Dollars' calls, letters released

Date: 2005-04-06

ABBIE VANSICKLE
St. Petersburg Times

The day after social service workers removed John and Linda Dollar's seven adopted children from their home, the Citrus County couple left messages on their oldest daughter's phone, begging forgiveness.

"Dad and I won't be here after today," Mrs. Dollar said in one message. "We just wanted to let you know that we love you. Please tell the other kids don't blame themselves.

"What we done (sic) must have been really horrible. We didn't think so. We had good intentions but we took the wrong measures. We love you. I'll always love you, Shanda. The will is in my box by my bed. Love you."

The Dollars didn't tell their oldest daughter, Shanda Rae Shelton, or investigators they were headed to Utah. When the couple missed a Jan. 31 court hearing, Citrus officials launched a nationwide search.

The Dollars now are at the Citrus County jail, accused of shocking the children with a cattle prod, forcing them to sleep in a closet, starving them and pulling out their toenails with pliers, among other abuse.

They have pleaded not guilty to aggravated child abuse and torture and are being held without bail.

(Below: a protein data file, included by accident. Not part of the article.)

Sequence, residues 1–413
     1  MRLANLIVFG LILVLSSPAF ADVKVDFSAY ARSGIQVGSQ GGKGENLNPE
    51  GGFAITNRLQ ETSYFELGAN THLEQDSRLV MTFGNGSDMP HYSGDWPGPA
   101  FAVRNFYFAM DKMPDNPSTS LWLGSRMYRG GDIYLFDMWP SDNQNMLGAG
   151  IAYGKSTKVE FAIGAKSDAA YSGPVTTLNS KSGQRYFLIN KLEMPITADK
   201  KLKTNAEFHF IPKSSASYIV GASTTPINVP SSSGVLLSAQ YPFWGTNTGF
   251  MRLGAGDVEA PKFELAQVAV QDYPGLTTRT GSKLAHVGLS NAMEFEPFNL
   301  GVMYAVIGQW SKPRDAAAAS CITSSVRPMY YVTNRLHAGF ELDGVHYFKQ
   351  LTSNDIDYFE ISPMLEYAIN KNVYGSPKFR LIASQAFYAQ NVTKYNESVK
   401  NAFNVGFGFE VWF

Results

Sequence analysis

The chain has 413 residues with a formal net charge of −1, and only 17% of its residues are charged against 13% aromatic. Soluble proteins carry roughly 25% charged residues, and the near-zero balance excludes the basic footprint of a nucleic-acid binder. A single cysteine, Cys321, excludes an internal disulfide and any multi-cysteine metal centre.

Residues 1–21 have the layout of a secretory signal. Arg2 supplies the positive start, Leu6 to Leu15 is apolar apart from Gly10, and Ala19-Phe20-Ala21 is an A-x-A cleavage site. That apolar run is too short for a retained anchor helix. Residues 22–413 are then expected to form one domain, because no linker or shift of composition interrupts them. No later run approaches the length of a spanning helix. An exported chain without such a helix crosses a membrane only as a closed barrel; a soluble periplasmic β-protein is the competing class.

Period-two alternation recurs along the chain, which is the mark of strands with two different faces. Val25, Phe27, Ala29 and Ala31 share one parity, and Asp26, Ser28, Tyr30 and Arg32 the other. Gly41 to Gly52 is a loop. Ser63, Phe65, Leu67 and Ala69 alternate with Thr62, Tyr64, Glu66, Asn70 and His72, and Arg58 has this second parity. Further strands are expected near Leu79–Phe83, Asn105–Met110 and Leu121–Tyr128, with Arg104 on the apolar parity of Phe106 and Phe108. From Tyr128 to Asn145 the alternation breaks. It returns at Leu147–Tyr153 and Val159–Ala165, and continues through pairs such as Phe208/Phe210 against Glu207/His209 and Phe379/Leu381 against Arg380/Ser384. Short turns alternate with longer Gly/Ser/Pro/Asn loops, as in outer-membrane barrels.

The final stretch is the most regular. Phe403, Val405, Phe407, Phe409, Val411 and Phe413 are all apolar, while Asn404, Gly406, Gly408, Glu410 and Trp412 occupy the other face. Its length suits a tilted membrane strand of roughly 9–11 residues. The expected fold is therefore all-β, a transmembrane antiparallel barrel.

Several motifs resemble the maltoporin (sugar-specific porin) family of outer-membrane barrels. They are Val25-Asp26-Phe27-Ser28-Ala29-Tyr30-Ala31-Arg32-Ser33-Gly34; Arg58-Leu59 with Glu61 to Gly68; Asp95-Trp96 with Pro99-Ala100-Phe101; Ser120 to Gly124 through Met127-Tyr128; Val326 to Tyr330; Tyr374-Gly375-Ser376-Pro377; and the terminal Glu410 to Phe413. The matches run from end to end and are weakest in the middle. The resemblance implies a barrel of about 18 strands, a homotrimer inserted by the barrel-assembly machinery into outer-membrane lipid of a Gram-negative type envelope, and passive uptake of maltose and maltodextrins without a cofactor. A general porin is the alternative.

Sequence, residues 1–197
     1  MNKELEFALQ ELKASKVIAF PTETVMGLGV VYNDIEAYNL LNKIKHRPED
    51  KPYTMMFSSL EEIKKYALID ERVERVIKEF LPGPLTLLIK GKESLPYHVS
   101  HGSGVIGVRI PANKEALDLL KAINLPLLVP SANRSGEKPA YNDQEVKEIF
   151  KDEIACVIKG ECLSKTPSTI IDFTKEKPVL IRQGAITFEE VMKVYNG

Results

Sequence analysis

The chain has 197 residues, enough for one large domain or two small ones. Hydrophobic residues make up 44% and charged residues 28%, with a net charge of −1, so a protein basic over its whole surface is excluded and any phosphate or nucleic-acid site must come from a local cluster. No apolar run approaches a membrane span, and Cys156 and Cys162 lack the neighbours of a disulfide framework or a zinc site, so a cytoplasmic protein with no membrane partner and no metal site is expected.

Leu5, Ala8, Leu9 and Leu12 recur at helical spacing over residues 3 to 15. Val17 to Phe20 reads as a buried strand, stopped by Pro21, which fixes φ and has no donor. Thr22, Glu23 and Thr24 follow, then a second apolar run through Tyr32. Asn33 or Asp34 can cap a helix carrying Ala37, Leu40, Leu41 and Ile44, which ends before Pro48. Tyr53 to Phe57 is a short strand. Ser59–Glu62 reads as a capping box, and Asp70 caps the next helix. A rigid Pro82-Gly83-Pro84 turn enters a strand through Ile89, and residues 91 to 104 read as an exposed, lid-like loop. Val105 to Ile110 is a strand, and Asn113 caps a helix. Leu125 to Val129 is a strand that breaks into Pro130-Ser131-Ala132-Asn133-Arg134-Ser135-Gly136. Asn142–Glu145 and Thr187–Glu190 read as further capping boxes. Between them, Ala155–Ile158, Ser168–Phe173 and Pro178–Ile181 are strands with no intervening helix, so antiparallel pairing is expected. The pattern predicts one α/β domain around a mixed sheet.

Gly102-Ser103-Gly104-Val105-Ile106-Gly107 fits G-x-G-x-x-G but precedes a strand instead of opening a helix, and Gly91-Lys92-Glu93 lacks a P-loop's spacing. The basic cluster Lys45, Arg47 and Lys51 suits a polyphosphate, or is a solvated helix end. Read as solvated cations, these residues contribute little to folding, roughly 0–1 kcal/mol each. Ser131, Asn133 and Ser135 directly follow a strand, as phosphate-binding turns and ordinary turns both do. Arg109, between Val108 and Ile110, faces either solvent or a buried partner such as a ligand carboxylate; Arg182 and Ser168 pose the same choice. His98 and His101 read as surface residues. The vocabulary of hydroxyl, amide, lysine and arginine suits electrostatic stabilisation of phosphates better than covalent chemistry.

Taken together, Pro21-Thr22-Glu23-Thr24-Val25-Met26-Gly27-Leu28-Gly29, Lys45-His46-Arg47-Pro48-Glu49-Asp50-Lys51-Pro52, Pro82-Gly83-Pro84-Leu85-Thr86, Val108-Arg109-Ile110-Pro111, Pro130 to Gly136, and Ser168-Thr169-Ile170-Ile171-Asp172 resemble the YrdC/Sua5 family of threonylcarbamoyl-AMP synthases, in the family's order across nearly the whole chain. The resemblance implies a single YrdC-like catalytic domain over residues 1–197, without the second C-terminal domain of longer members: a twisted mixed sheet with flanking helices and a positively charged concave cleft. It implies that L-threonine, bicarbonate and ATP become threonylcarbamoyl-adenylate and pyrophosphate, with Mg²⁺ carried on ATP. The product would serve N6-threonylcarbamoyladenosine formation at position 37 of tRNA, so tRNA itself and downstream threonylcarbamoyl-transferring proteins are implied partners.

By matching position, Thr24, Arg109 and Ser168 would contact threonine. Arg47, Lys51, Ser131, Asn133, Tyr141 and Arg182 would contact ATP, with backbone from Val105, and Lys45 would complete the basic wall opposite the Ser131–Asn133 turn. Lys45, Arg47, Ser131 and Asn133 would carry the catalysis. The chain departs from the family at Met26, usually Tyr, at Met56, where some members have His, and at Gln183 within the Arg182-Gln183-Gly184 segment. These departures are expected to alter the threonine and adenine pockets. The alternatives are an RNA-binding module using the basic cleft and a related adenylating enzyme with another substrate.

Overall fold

Transcripts of the phone messages were among hundreds of pages of documents prosecutors released Tuesday.

The Dollars have yet to speak publicly about the case. But the documents, which also include letters written by the Dollars in jail, provide insight into the couple's life.

John Dollar, 59, also left a phone message for Shelton and her husband, Eric.

"Uh, I am sorry things have turned out the way they have. I am sorry that you all have had to face this music. Uh, Shanda, I've always loved you and I love you still and I hope you see in your heart to forgive me."

Since they were booked into the jail Feb. 19, the Dollars have written several letters to each other and to family members.

The letters are filled with Bible verses and religious poetry. But the Dollars also repeatedly told each other and family members that they wish the public understood their version of events.

"You know how hard John and I tried to be good parents," Mrs. Dollar wrote in one letter to her mother-in-law, Pauline, who lived with the family in Citrus.

"You know how much food I cooked, clothes I washed and all the material things we provided for the children. You know how much we loved and cared for them."

At the end of the letter, Mrs. Dollar begged for her mother-in-law's help.

"Please forgive. You know I tried hard, Mom," she wrote. "Please step up to the plate and let people know we didn't abuse the children day in and day out."

In a birthday card to his wife, John Dollar seemed hopeful.

"Through the grace of God, we'll beat this problem and share next year's birthday at home together. I am filled with the Lord's spirit that he will use this to his benefit!"

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